The Great Recession may have had both subtle and profound effects on the organization and patterns of family life in the United States. Unemployment and the loss of family income or wealth can lead to changes in preferences and priorities for families. Previous research has found these disruptions vary by class, the level of unemployment and the gender of the parent. For example, studies have shown that fathers’ job loss has negative implications for family life and child development, but mothers’ job loss does not. Mothers tend to use free time in childcare and household production, while fathers are more likely to spend it on personal care and leisure.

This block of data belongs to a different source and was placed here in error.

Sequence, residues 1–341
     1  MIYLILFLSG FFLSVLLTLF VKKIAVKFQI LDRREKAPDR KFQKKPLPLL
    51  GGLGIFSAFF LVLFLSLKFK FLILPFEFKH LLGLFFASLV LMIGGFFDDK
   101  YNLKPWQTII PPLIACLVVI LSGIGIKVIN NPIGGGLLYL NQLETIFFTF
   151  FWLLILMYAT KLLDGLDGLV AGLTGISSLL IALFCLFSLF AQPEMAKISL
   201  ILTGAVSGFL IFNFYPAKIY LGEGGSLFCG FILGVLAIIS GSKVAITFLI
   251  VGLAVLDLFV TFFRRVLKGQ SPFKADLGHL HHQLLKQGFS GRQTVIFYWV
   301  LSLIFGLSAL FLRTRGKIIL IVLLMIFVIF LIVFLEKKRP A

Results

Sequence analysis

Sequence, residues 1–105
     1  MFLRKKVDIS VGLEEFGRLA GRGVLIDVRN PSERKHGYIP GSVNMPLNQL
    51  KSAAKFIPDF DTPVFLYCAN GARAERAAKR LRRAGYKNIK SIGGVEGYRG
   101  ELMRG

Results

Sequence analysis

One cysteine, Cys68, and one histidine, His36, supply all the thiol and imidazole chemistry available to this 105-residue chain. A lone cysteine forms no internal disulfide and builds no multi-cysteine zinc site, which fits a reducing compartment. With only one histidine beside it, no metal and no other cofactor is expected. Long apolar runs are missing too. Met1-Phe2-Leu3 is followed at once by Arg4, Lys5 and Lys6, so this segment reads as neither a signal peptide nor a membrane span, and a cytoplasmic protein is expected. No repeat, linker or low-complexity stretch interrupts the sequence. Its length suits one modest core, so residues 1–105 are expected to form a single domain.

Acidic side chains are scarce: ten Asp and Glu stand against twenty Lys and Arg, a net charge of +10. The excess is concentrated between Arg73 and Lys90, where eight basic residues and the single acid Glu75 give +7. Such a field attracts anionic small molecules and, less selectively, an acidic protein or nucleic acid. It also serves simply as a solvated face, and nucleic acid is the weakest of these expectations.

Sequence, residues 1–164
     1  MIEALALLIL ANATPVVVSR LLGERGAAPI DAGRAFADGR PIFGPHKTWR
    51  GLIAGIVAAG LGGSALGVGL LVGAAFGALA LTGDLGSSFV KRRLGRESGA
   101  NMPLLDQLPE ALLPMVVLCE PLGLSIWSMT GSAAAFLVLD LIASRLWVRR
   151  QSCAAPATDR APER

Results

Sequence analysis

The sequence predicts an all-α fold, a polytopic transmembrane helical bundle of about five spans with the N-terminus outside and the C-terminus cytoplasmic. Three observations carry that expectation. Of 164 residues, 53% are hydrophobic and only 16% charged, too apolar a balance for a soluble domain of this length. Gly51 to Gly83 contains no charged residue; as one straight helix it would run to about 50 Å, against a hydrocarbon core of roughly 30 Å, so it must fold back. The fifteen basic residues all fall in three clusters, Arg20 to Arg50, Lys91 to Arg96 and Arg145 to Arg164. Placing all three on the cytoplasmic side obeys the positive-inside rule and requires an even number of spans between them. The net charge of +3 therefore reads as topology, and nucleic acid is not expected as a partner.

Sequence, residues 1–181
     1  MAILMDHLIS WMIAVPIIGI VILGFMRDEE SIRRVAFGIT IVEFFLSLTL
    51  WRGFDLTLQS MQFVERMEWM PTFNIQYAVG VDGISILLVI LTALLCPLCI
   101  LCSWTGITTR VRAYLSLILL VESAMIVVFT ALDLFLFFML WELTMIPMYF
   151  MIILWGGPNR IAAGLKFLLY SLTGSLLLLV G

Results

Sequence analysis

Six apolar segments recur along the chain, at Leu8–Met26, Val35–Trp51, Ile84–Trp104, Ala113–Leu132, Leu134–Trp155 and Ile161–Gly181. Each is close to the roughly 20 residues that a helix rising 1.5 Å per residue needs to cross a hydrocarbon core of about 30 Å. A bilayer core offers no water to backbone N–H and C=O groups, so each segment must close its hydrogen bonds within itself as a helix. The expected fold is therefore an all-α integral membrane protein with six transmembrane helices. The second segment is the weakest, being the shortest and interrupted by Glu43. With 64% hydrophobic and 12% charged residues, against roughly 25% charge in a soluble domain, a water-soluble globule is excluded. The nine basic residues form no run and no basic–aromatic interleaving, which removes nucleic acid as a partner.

These changes in family patterns, especially parental time use, are likely to lead to long-term consequences for child development and family well-being. With the support of the Foundation, Ariel Kalil of National Opinion Research Center will study how parental time use changed across the pre-recession, recession and recovery periods for mothers and fathers, and whether the gaps between mothers’ and fathers’ time spent on household and childcare activities changed over these periods. Using data from the 2003-2011 panels of the American Time Use Survey, Kalil will also examine whether these effects vary by parental education, age of children, or type of activity. Findings will be presented at the Association for Public Policy Analysis and Population Association of America meetings, and in two manuscripts.